Trigger vs pipeline?

What’s the difference between:

POST /projects/:id/trigger/pipeline

and

POST /projects/:id/pipeline

Hi @agapanthusblue
with POST /projects/:id/pipeline standalone pipeline is launched with source api.
with POST /projects/:id/trigger/pipeline pipeline is launched with source trigger and such pipeline is shown as child pipeline in pipeline graph. This is the original way how it is possible to launch multi-project child pipelines. Later the trigger: keyword in .gitlab-ci.yml was created which has the same functionality.

EDIT: and some docs regarding triggers

This doesn’t appear to be true for me.

Trigger:

keyword does, but the api call does not.

The only difference that I can determine is that trigger/pipeline allows for variables to be set while the other does not.

I honestly cannot understand what “triggers” are about. That entire section of the manual seems to be completely opaque. I don’t even understand the terminology. Is the trigger the entry in the settings section? Or the calling code with the “trigger:” section? Or the called code?

It does show for me when using trigger API call with CI_JOB_TOKEN from .gitlab-ci.yml:

obrázok

Here is the job definition:

trigger_itself:
    script:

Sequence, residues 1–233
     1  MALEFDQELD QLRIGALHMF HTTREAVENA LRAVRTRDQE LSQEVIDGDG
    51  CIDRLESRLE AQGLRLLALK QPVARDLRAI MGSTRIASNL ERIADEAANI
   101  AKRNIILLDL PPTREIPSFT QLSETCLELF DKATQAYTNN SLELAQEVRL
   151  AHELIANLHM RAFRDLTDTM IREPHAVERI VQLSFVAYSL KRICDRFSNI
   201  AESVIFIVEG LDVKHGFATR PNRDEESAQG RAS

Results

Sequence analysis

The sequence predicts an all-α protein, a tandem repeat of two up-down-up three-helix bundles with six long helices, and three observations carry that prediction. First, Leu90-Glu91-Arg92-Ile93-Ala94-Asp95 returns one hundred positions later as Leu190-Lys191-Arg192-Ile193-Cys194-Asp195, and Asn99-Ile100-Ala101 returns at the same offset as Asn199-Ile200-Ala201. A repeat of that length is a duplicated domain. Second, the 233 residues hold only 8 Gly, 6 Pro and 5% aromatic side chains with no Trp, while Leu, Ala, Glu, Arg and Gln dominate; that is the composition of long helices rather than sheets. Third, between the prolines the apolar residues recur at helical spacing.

- curl -v --request POST --form "token=$CI_JOB_TOKEN" --form ref=master --form 'variables[SOMEVAR]="ccc"' "https://gitlab.com/api/v4/projects/xxx/trigger/pipeline"

Following this issue and this comment there, I can pass variables to /projects/:id/pipeline.

I use the /projects/:id/trigger/pipeline API for cases where I need to give permission to start pipeline, but nothing else. I haven’t tried to use the trigger token for /projects/:id/pipeline, but I would assume it won’t work.
So if you have access to project anyway, it doesn’t matter. If some for example external app needs to be able to trigger a pipeline BUT nothing else /projects/:id/trigger/pipeline makes sense for me.

I couldn’t make that work in our local 12.10 installation. Perhaps it has changed or perhaps ours is naively installed. Or perhaps I’m still stumbling around largely naively.